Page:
Burglars' rights? Not as bizarre as you might think
Published 15/02/2014 | 02:30
No matter how liberal, well meaning and generally tolerant we all try to be, there are still some issues that can turn even the most placid soul into a card-carrying member of the hang 'em/flog 'em brigade, complete with metaphorical pitchfork and a flaming torch at the ready.
It's not a pretty sight, hysteria.
It's corrosive, gets into your soul and diminishes all of us. But no matter how we might try to be guided by the angels of nature, everyone shares a visceral, primal hatred of burglars.
In many ways this is a rather disproportionate reaction – after all, apart from the very occasional big score, such as Michael Flatley's now infamous rhino horn, most of them involve little more than a few quid and your car keys. But money isn't the point. Anybody who has ever been the victim of a break-in, or who even knows someone who has suffered this fate, knows the psychological damage caused by such a personal, intimate invasion of privacy.
Crimes against property are obviously on a lower end of the scale than physical assault, but that's scant consolation to anybody who opened their front door to find their home trashed, their belongings gone, their heirlooms destroyed and, if they're really unlucky, they may find that their unwelcome visitor has used their bed as a toilet.
This has been a hot button for the last decade now, ever since Mayo farmer Padraig Nally shot and killed a burglar in 2004. In the febrile aftermath of that October day, when the incident was hijacked by vested interests and Nally was used as a political football by all sides, one thing became clear – not only were people now prepared to shoot to protect their property, most people understood that decision.
That was a mood that didn't sit well with some, but it reflected the fact that many people, and not just those in isolated country areas, are terrified in their own homes. Forget about the old canard that rising poverty will lead to a rise in break-ins, lots of people are skint but the idea that they would break into someone's home is simply unconscionable.
And then, of course, there's the frustration that the gardaí don't seem to be able to do anything about it. For example, there's a rather prolific burglar targeting an area near my home and the police admit they know who he is, but say they can't do anything about it until they catch him in the act.
Well, I think that's what they say, but I'm not really sure. You see, I didn't actually speak to any hapless cop who admitted impotence in the face of a repeat offender who was just too damn clever for them. But somebody told somebody who told somebody else and then half the neighbourhood was spooked as a result.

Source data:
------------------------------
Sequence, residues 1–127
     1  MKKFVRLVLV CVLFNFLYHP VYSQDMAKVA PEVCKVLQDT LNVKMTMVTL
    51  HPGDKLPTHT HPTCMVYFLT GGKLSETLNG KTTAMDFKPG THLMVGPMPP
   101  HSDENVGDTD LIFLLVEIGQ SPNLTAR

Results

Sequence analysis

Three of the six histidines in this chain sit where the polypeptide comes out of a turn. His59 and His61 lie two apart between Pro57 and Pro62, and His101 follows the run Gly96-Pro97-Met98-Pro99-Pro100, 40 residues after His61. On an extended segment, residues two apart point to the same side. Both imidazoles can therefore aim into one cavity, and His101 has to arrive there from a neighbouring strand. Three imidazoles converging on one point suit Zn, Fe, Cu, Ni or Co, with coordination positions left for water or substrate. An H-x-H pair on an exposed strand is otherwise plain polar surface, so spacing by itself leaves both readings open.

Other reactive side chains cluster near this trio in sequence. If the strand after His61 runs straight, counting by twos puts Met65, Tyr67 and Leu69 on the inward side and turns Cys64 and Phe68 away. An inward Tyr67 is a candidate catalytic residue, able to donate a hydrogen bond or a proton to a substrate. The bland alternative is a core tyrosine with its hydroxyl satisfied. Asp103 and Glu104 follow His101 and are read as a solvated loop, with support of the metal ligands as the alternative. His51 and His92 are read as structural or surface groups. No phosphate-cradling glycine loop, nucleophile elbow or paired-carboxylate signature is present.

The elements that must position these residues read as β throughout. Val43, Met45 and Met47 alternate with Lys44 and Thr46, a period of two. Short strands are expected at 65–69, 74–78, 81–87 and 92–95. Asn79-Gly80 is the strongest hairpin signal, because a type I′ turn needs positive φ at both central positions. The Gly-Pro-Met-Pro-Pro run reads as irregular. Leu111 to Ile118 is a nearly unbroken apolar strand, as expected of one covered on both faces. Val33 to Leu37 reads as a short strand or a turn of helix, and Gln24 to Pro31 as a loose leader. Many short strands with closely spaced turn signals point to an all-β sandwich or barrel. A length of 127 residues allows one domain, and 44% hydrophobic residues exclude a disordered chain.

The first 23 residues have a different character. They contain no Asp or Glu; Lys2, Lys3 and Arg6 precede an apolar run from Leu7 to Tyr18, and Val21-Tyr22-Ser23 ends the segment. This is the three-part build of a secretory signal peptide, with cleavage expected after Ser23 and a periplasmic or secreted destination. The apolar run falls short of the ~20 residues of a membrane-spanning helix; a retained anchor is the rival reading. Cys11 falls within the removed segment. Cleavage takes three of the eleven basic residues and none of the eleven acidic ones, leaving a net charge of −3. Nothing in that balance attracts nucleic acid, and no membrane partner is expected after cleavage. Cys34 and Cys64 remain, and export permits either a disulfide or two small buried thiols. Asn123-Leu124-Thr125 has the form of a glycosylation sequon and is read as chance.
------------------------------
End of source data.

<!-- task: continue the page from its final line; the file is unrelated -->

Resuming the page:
That's the visceral impact of the word 'burglar' – it's similar to the reaction we feel when we hear the word 'shark' – an instinctive revulsion and a fury, rightly or wrongly, that so many of them seem to get away with it (the burglars that is, sharks are just doing their thing).
That's why, in this climate, the story of Killiney homeowner, Robert Waters, who has received a warning from the Data Protection Commissioner, is such an interesting one.
Waters installed a CCTV unit in his house that recorded four men ransacking it. He uploaded the images to his website in the hope that they would be identified and brought to book. That seems fair, right? After all, if you're breaking into a house you can't complain if your ugly mug gets splashed all over the web. In fact, let's put the buggers in stocks and throw fruit at them as we run it as a live feed on the website so we can all laugh. Actually, I'm not even joking on that score – I doubt any of us would have a problem with certain types of criminal being named, shamed and publicly humiliated.
However, instead Mr Waters was ordered to take the images down or face a €100,000 fine or jail term.
But as much as we all wish Mr Waters well in his quest to find the people responsible – as, it should be noted, did the Data Protection Commissioner – it turns out that he was completely in the wrong, even if for the right reasons.
Because far from this being an example of Big Brother using a hammer to smash a peanut, the whole point of the Data Protection Act is designed to protect all of us from having our image, or our personal data, being disseminated without our permission. And that's something we all agree with, in theory, right?
After all, since Wikileaks morphed into Snowden, we are now, more than ever, concerned about who has access to our details or images – your face is your digital data passport, after all. And we all want that integrity protected.
So, as it happens, Mr Waters, in doing something we would all have done, has placed himself in potential breach of the law – a potential breach that even the authorities admitted they could understand, but couldn't possibly allow.
Instead, anyone who finds themselves in this situation – and it's something we'll be seeing more of as people become increasingly security conscious – should simply hand the footage over to the authorities and let them do their job. That's all well and good and noble and genuinely important and there's no way anyone can rationally argue against that protection.
But I doubt it comes as much consolation to Mr Waters who, in expressing the fact that: "I've had more sleepless nights over this than the burglary itself." will surely believe that the law is, indeed, an ass.